forH. B. 4345
(By Delegates Boggs, D. Campbell, Fragale, Diserio,
Marcum, Moore, R. Phillips and White)
(Originating in the Committee on the Judiciary)
[February 10, 2012]
A BILL to amend the Code of West Virginia, 1931, as amended, by adding thereto a new section, designated §31-2-17, relating to the sale of railroad scrap metal; definitions; written authorization for sale; minimum amount of railroad scrap metal sold; due diligence of purchaser; presumptions available in civil action; and, award of costs and fees.
Be it enacted by the Legislature of West Virginia:
That the Code of West Virginia, 1931, as amended, be amended by adding thereto a new section, designated §31-2-17, to read as follows:
ARTICLE 2. RAILROAD COMPANIES.
§31-2-17. Selling railroad scrap metal.
(a) As used in this section:
(1) “Company” is a railroad carrier as defined in section twenty-eight, article three, chapter sixty-one;
(2) “Railroad scrap metal” means any materials derived from railroad track, railroad track material, worn or used links, pins, journal bearings, or other worn, used, or detached appendages of railroad equipment or railroad track;
(3) “Purchaser” means any person in the business of purchasing railroad scrap metal, any salvage yard owner or operator, any public or commercial recycling facility owner or operator and any agent or employee thereof, or other individual or entity who purchase any form of railroad scrap metal;
(4) “Confusion of goods” means the intended mixture of similar railroad scrap metal done purposely by the purchaser without authorization of right or title to the railroad scrap metal.
(b) Only a duly authorized individual, agent, officer or employee of a company may sell or dispose of railroad scrap metal owned by the company. Any sale or disposition of railroad scrap metal made by any unauthorized individual is void.
(c) All sales or disposition of company railroad scrap metal must:
(1) Be in quantities equal to or greater than one ton;
(2) Be accompanied by a bill of sale or other written evidence of authorization to sell the railroad scrap metal, a copy of which shall be retained by the purchaser and the duly authorized seller of railroad scrap metal; and,
(3) Comply with other lawful requirements regarding the sale and purchase of railroad scrap metal.
(d) If a duly authorized individual sells or disposes of railroad scrap metal in quantities less than one ton, or without delivering a bill of sale or other written evidence of authorization from the company for sale or disposition of railroad scrap metal to the purchaser, the company shall not thereafter be entitled to the benefit of subsections (f) through (i).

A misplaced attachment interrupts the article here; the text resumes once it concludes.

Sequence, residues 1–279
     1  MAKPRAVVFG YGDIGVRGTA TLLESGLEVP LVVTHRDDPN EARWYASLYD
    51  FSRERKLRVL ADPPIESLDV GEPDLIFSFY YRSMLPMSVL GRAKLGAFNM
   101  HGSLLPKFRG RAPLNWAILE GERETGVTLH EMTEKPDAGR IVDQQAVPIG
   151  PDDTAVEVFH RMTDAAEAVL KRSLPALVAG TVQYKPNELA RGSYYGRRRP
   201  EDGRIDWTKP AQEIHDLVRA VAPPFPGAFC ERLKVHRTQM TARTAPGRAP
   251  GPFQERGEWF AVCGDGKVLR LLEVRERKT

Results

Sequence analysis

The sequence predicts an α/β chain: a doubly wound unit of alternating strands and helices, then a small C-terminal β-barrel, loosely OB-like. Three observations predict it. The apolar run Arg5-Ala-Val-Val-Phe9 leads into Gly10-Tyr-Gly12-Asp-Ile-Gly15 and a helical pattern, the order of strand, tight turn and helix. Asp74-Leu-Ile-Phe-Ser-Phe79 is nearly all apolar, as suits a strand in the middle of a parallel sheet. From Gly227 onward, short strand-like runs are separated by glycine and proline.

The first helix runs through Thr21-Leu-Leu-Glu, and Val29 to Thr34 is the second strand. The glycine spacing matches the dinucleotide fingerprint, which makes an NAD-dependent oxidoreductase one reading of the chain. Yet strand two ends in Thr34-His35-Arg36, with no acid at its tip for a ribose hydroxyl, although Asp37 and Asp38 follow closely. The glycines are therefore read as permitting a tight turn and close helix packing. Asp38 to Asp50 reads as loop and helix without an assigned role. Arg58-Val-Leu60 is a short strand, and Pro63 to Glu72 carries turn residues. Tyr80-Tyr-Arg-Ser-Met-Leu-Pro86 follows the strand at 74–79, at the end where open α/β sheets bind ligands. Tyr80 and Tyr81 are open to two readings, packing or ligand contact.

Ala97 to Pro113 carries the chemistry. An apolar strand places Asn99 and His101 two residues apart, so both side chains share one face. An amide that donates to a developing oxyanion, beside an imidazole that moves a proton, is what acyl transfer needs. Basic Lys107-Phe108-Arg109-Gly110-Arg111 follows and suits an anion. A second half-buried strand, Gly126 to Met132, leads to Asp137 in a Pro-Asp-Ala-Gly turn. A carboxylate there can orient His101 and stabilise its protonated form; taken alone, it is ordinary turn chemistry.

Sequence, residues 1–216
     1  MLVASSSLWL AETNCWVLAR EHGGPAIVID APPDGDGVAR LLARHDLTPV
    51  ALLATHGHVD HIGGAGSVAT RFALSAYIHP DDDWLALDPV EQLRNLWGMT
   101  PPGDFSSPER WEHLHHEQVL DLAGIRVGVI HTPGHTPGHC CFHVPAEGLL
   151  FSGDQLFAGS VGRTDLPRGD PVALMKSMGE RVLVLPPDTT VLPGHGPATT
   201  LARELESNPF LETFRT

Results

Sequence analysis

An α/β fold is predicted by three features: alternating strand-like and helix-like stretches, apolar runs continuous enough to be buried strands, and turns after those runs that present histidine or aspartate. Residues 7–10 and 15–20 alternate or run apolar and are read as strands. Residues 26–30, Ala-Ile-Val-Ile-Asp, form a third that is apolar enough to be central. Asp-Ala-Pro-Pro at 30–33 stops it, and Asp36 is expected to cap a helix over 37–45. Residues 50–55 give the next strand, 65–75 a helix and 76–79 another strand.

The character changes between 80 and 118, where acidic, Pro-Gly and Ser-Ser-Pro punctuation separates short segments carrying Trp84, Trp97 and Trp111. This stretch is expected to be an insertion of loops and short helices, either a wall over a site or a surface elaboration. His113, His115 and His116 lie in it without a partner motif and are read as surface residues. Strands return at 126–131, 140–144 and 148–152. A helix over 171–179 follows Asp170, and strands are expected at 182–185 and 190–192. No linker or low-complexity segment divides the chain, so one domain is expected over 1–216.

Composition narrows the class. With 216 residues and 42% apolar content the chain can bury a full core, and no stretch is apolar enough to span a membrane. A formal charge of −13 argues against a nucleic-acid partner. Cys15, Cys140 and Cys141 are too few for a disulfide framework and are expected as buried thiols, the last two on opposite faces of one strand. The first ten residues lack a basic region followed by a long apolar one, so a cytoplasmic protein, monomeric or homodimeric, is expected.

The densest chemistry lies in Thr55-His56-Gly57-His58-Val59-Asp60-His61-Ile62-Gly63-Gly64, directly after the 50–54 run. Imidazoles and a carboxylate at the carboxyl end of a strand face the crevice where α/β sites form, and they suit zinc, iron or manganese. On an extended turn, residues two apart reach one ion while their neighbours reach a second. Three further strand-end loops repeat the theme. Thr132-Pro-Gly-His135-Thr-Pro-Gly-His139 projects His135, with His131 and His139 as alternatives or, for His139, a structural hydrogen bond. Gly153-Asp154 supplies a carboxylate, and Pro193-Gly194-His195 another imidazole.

(e) Before acquiring railroad scrap metal the purchaser shall exercise due diligence to ascertain the lawful ownership thereof, whether by evidence of a bill of sale from the company, or other form of written authorization from the company for sale or disposition of railroad scrap metal to the purchaser.
(f) In any civil action where the company claims to be the rightful owner of railroad scrap metal in the possession of a purchaser, the company may, in addition to any other relief to which the company may be entitled, seek an immediate order from the court to physically preserve any railroad scrap metal which is the subject of the suit, and any other metals with which they may have been confused, while the suit is pending.
(g) In a civil action regarding rightful possession and ownership of railroad scrap metal, if the purchaser cannot produce the bill of sale or other written evidence of authorization to sell the railroad scrap metal, the court shall presume that the subject railroad scrap metal was unlawfully taken from the company.
(h) The purchaser claiming ownership of the railroad scrap metal in controversy may rebut this presumption and prove a lawful right or title to the subject railroad scrap metal, but in the absence of adequate
proof, the company shall be held to be the general owner of the subject railroad scrap metal, and shall be entitled to immediate possession of the railroad scrap metal in controversy.
(i) If the court finds that any portion, or all of the railroad scrap metal in controversy was unlawfully obtained by the purchaser, and mixed or confused with other railroad scrap metal, it shall be deemed a confusion of goods. In the case of a confusion of goods, the purchaser loses any right in all mixed railroad scrap metal unless the railroad scrap metal can be identified and separated among the company and the purchaser.
(j) In a civil action regarding rightful possession and ownership of railroad scrap metal, if the court finds that the purchaser failed to use due diligence to ascertain that the person selling the railroad scrap metal had a legal right to do so, the court shall award the company costs and attorneys fees related to that action.